EDM’s Forgotten History Finally Gets Its Literary Due in ‘The Underground Is Massive’: Book Review

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Dance music fans often come under fire for not appreciating its history. But given the scene's experiential nature -- it's fueled largely by festivals, clubs and raves -- some might argue that to really understand its roots, you kind of had to be there.

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Enter Michelangelo Matos, a veteran dance music writer whose new book, The Underground Is Massive, offers a deep dive into American EDM's forgotten past. Fittingly, it's tentpoled by seminal events like 1992's Rave America and 2000's Detroit Electronic Music Festival. If you weren't at Mendel High School when Chicago house legend Frankie Knuckles spun gym parties in the early '80s, or when Daft Punk were teenagers in a band called Darlin’, Matos takes you there. 

He is impressively thorough, but never includes an artist or event without good reason. For example, many don’t know that Rick Rubin tried, and failed, to start a techno label in 1993, or that two-thirds of the acts at the inaugural Coachella festival in 1999 were electronic.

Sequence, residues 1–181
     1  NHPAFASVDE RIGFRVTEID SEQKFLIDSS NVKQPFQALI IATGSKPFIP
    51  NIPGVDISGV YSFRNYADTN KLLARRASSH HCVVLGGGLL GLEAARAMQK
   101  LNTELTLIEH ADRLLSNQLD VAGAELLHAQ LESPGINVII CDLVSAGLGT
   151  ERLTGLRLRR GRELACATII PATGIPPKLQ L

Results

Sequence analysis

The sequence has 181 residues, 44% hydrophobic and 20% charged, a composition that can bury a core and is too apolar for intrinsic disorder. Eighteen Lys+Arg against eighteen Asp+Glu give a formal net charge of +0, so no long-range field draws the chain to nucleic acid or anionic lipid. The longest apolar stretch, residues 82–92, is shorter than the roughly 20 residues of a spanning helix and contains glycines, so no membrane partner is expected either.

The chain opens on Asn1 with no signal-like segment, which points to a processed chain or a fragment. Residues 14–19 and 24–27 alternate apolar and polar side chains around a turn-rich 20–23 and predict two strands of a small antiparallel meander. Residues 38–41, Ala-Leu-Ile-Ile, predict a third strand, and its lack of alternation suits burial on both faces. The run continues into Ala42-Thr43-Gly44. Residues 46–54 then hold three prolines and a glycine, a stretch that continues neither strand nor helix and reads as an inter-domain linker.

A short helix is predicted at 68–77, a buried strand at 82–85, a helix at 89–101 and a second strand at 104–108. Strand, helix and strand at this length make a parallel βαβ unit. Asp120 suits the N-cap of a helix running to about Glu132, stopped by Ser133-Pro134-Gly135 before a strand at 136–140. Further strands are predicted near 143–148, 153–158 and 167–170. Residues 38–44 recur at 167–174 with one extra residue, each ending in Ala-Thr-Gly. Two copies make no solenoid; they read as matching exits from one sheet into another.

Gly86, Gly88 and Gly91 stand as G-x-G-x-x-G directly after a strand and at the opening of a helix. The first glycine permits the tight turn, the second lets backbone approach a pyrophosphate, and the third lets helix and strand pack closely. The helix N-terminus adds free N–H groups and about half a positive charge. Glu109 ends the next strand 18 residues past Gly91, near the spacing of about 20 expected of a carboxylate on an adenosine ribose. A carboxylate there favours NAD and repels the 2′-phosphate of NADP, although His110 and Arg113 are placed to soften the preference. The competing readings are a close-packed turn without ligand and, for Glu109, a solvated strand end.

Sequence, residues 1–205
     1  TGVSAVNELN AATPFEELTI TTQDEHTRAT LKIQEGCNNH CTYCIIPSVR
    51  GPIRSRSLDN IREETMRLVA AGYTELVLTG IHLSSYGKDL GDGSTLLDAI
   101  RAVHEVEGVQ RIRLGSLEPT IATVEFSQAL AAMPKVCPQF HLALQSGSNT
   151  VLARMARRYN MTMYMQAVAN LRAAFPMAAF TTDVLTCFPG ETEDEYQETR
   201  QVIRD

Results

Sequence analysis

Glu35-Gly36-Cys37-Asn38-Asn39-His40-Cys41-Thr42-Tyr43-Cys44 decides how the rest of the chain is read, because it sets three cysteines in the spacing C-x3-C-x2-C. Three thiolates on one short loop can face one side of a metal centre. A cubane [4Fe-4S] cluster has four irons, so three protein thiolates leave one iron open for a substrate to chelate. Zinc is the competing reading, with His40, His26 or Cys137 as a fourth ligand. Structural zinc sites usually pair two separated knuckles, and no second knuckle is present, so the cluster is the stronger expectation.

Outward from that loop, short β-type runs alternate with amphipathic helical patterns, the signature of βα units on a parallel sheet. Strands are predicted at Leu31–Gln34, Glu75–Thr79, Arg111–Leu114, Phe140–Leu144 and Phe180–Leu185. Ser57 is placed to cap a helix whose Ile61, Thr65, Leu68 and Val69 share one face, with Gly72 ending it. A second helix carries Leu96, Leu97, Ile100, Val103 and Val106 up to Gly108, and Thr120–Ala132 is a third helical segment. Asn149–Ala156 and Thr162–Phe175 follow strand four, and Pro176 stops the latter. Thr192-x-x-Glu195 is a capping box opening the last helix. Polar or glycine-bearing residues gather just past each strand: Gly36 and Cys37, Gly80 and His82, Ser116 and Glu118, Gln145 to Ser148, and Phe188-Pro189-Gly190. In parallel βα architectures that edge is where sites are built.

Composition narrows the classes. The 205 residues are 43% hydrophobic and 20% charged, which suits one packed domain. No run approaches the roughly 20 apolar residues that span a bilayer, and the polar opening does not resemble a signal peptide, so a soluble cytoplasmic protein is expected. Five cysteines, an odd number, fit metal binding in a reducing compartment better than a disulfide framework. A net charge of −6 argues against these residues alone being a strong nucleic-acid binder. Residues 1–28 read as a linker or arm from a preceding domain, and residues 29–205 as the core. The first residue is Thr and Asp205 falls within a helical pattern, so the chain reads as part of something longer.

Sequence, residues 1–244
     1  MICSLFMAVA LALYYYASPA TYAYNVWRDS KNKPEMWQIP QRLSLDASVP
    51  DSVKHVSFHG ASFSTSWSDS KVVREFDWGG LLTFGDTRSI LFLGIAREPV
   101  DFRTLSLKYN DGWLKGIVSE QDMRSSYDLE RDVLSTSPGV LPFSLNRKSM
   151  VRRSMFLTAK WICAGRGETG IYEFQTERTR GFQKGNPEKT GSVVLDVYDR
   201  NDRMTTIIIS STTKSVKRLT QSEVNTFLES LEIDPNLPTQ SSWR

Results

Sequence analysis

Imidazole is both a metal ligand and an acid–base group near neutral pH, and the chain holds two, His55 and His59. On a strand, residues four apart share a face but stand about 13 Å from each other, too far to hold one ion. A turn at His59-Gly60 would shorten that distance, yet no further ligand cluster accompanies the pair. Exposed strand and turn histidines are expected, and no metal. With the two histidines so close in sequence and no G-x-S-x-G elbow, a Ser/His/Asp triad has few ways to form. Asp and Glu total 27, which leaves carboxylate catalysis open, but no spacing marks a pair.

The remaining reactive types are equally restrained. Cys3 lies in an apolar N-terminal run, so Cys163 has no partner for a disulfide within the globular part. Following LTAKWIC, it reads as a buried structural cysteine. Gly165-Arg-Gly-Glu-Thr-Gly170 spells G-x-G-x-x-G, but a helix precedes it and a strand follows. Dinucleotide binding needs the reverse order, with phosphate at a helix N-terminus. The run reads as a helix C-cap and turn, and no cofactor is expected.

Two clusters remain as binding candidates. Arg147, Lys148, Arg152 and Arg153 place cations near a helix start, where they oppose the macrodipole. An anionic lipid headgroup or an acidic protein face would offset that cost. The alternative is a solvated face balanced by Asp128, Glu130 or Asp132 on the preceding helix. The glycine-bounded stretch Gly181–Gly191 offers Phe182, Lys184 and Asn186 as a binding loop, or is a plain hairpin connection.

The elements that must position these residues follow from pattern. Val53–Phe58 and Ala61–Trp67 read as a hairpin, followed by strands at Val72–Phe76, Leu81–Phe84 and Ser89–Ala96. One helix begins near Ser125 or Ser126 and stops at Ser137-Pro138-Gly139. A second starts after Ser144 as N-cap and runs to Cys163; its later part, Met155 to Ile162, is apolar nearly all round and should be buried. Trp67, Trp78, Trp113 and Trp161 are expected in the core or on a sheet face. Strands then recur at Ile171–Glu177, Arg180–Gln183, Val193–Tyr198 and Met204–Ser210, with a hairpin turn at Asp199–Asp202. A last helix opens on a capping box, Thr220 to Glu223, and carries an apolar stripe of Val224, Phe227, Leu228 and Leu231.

A more recent highlight is the 2014 Grammys, where Daft Punk took home five awards, including album of the year. Rather than dwelling on the acceptance speeches, Matos highlights the after-party where Jay ZPaul McCartney, Beyonce, Madonna, Lars Ulrich and Queens of the Stone Age danced until dawn to celebrate two men who’d “heard the future in house and techno.” It wasn’t just a great party, but rather a poignant, rare moment when the underground and the big music business – “two entities that had circled one another for a generation” – came together. 

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By using such moments to retrace the genre's peaks and valleys through decades, Matos quashes the idea that EDM is a fad. It's a staple, he says, that'll continue to weave in and out of the mainstream thanks to a loyal, inventive underground. It's easy to ask when the EDM bubble will burst, but this book inspires another, more exciting question: What's next?

This story originally appeared in the May 9 issue of Billboard